by Jon Baliles
Jack Jacobs at Richmond Biz Sense has an update about the ongoing fallout from the collapse of the Enrichmond Foundation last summer. All of the small organizations that used Enrichmond as a fiduciary lost access to their money (which may be gone for good; stay tuned) and other things like insurance coverage.
While there are efforts underway to transfer two historically Black cemeteries formerly under Enrichmond’s purview to the city, there has not been any statement, hint, clue, concern, or any sign of emotion uttered by the Mayor about when or if the city will help restore the funding of these small groups that do a lot of valuable work to help the City and save staff time.
Since no one at City Hall seems to be interested in helping, Richmonders are doing what they do best — they are doing it themselves (aka DIY).
For example, the group RVA Clean Sweep counts nearly 1,500 people who support it by going around the city picking up trash. They lost their insurance coverage and about $3,000 when Enrichmond folded. Have they quit trying to help clean up the city? Nope.
They held fewer cleanups and told volunteers to be extra careful as they were volunteering without insurance, but they still kept cleaning and sweeping. But no insurance means they were not able to apply for grants or hold as many cleanups as they would like, according to RVA Clean Sweep Director Amy Robins.
But they still held cleanups because they wanted their volunteers to stay engaged. “Robins feared that a prolonged hiatus on activity would cause volunteers to drift away from the cause of cleaning up litter in the city,” wrote Jacobs.
So they had discussed being acquired by the city’s Clean City Commission back in early 2022 and that accelerated last fall after Enrichmond folded. The Clean City Commission is also a litter cleanup group affiliated with the city and led by City Council appointees.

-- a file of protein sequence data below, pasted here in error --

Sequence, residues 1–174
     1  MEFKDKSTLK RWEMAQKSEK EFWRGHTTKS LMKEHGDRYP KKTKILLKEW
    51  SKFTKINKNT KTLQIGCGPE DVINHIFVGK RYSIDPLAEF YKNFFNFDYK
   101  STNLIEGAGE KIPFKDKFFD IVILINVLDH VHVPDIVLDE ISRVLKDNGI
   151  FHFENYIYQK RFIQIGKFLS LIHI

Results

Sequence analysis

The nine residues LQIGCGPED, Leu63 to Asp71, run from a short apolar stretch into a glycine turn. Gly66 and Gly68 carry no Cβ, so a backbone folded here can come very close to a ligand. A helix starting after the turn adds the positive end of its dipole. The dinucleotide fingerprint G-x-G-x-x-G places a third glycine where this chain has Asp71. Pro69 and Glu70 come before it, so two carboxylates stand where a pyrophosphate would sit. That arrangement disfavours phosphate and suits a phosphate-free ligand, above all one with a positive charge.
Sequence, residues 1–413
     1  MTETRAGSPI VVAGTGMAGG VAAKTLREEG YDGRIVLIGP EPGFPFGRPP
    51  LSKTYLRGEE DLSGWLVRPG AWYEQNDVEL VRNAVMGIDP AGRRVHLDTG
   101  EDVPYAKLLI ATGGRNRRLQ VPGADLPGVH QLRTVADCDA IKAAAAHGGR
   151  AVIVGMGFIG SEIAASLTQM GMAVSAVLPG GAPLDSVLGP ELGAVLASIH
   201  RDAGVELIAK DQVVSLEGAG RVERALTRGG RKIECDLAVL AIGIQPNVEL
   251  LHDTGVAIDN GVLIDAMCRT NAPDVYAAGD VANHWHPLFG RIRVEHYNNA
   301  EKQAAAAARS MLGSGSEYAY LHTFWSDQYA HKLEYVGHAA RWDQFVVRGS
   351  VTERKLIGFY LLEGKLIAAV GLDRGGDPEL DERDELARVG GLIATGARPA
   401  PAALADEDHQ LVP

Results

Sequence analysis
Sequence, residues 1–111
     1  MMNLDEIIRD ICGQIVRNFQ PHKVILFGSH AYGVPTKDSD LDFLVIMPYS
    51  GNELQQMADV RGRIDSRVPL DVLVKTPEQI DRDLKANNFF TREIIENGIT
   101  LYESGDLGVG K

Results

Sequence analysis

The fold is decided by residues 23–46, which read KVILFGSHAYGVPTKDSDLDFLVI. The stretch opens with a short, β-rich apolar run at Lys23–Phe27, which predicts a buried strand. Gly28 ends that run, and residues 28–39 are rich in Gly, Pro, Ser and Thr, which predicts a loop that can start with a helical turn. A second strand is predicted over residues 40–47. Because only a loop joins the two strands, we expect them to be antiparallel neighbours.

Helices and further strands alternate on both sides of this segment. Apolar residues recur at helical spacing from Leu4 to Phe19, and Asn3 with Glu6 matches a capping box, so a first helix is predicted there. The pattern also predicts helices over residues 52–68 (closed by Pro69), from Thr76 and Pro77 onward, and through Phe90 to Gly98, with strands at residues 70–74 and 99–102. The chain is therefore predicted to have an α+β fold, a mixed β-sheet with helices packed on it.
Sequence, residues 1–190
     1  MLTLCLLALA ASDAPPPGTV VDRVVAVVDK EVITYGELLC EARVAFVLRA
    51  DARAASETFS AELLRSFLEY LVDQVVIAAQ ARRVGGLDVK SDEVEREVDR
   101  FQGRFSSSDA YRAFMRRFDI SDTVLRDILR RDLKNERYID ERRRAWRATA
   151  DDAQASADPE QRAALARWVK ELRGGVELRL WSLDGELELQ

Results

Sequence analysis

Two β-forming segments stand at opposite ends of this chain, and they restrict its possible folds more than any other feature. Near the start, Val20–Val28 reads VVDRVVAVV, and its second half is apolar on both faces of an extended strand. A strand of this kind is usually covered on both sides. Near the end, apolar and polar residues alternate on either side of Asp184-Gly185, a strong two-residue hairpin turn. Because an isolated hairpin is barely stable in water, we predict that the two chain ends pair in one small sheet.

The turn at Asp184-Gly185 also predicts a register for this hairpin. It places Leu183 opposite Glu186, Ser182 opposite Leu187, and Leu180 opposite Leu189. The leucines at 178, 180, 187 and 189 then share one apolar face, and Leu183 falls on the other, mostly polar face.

Another organization that saw $29,000 disappear is the Richmond Tree Stewards. The group went ahead after Enrichmond dissolved to gain its own 501(c) status so it can continue to give away trees and help maintain many of the ones that are on city property or rights-of-way. President Dave Pohlmann said, “We were penniless and not tax-exempt. We thought it was crazy and we wouldn’t want to be in this situation again, so we went independent.”
Did the Stewards let the situation or lack of action from City Hall stop them? Nope. They gave away 2,000 trees last fall and are staying focused on their vital green mission. “We are trying our best to continue with our mission as originally written,” Pohlmann said.
And another non-profit called Verdant Richmond, tasked with restoring green spaces across the city has now stepped up as a fiduciary to small groups if they need it. Jacobs talked with the founder, Lawrence Miller.
Verdant had six groups, five of them community gardens, officially operating under its umbrella as of last week, Miller said.
Miller said the city’s parks department contacted Verdant in July to see if it would serve as a replacement for Enrichmond. He said Verdant bought an insurance policy shortly after that, and in addition to offering insurance coverage, it also holds the donated funds of its member groups.
The focus on community garden groups is intentional, as it aligns with Verdant’s own programming focus. But Miller said he expected that Verdant would cast as wide a net as Enrichmond did, with various community groups under its wing.
“Our scale is entirely different from Enrichmond and our mission is different and we’re working just to support these groups,” said Miller. “We’re happy to help. I want these groups to do well. It does diverge from the mission, but this is a slight pivot, not a total change of course.”
Some groups are hesitant to join up as they fear they might lose any new funds they could raise or have raised since last summer. They don’t want to lose the money again, which is an understandable sentiment.
But what if the city took just a tiny slice of the budget this one time to make these groups whole so they can get back to full throttle and help the city? Perhaps then those groups might take Verdant Richmond up on their offer to help or they can do what the Tree Stewards did and form their own entity.
I’m just happy to see these groups taking action on their own because waiting for our “leaders” to do something (or even say something) seems to be a lost cause.
Jon Baliles is a former Richmond City Councilman. This is an excerpt from the original article posted on his blog, RVA 5×5. It is posted here with permission.